The Week

Submitted by srabbitt on Fri, 08/02/2019 - 21:15

Abstract (Outline)

Background Info:

  • Leafminers are an invasive that can damage commercial crops 

  • More from Europe then Asia in North America

  • Ornamental trees with leafmines are not aesthetically pleasing

  • Poorly studied

  • S. multispicata only recently described (2014)

Statement of need

  • Not much information on S. multispicata 

  • How many species of elm have this leafminer infected

Proposal objective

  • Document S. multispicata feeding on elm's other than Siberian

  • Add to the scientific community's knowledge base about this invasive

General Strategy

  • Randomly select Elm trees to sample based on location and species

  • ID Leaf miner activity (on tree and surrounding vegetation)

  • Collect samples (Infected or not)

  • Determine the species of leafminer 

  • Correlation?


  • Our research may add to the data on this species of leafminer

  • is this species becoming a generalist ( not feeding/breading on specific species)


Submitted by srbuckley on Fri, 08/02/2019 - 16:28

I am trying to put together my proposal for the second writing assignment. It has been challenging. I am doing some reading from the book to get a better idea of what the whole scope of this assignment is. I think one thing that is important to relay in the background information is the fact that if these stigmalla multispicata are host switching it could cause a big problem because they don't have a ton of natural predators in this area. 

We went out yesteday to see if we coiuld see evidence of leafminers on any of the elm trees on campus and none of us were able to find anything. We are due to go back out on Monday to see if we can go to some of the locations further than Merrill to find some. I think one of the things that confuses me about this project is the fact that we aren't specifically looking for this type of leafminer. I don't get what we are going to do with the data in regards to the other leafminer species that we find. I thought the point of this project was to find out why the leafminer track looked like a species that doesn't eat that kind of tree.

Trial Run

Submitted by srabbitt on Thu, 08/01/2019 - 22:15

The last hour of todays class was spent inspecting vairous species of elm trees for the presence of mines. We are peticularly interested in finding Stigmella multispicata  mines. The elm's with the most mines are the ones behind Morrell II. No leafminer activity was observed by myself, Stefanie, or Ivan in any of the trees west of Morrell. We did however, see a lot of the resistant american elm with galls on the leaves. Seeing all of these galls I wonder if they are feeding on the leafminers?? 

After class I drove up N Residential Drive to look at the 7 Siberian Elms. I Did not spend a bunch of time there but I did look closley at the leaves and once again there was no activity to be seen. THis is odd. I am begining to wonder if there is something in the area of the Morrell building that is attracting these moths. That is something that is out of the scope of this class. This is were we learn to write about these things, not actually research them. From what I have read about these studies they have ocured over a much longer period of time then this class would have time for.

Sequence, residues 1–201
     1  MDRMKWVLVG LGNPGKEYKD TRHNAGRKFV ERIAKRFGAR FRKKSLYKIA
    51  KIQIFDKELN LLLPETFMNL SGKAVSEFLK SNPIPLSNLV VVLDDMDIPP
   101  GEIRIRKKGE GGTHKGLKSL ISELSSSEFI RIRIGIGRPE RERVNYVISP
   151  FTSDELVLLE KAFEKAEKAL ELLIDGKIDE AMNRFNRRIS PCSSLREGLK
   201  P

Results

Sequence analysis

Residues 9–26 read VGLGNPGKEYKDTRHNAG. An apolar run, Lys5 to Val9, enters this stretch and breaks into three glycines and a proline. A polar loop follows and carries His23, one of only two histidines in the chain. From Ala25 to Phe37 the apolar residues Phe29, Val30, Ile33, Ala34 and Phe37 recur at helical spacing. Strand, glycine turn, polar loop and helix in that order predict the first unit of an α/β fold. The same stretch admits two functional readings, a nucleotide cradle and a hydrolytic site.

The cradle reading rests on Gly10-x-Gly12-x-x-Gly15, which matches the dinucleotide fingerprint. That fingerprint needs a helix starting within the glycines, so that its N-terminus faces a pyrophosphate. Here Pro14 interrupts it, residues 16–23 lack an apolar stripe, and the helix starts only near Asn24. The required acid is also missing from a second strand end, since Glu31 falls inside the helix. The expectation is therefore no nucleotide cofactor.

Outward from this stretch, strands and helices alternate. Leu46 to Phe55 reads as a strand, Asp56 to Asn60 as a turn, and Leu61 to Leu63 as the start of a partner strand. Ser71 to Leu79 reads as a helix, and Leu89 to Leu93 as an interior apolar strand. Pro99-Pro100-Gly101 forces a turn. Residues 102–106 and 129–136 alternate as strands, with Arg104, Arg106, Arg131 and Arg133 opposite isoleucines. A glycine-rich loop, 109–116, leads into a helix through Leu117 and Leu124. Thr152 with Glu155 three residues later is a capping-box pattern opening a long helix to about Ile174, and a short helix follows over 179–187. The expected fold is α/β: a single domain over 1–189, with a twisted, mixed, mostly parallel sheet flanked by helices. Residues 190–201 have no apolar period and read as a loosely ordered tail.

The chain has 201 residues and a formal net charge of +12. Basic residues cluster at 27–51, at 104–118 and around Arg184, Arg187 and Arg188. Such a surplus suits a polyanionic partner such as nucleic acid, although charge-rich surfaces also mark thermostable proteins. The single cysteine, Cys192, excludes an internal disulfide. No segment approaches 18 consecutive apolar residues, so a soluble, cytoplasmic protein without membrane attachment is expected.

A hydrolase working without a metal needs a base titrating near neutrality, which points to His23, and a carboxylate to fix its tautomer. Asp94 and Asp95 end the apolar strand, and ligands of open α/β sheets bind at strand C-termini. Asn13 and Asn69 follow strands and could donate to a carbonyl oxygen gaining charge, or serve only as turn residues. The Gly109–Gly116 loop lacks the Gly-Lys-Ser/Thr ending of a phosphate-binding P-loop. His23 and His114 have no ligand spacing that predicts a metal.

Submitted by srabbitt on Wed, 07/31/2019 - 23:33

      Working with an outline certainly has an advantage. I have never created my own before so knowing exactly what to put in will still be challenging.  The problem that I face is staring at the screen trying to think of something to write. I'm thinking that possibly I could just put some words down to start then fill it in as I can figure it out. Writing has never been a strong subject for me, I just sort of fumble around and try to make things fit. This last writing project was extremely challenging. This is not my only writing challenge, creating the bibliography or reference list in next on the list.

       I have made many reference lists, bibliographies, and annotated bibliographies but I still need to learn how to use a citation tool for my reference list. I have watched people do them, and been shown different tools but nothing seems to stick. Just this evening I found an interesting article and I attempted to put it on the class biblio page but I could not find were to copy and paste the DOI number.  Once again I will need further instruction on this. Once I learn it this time I will be sure not to forget it, this will save me so much time with papers in the future.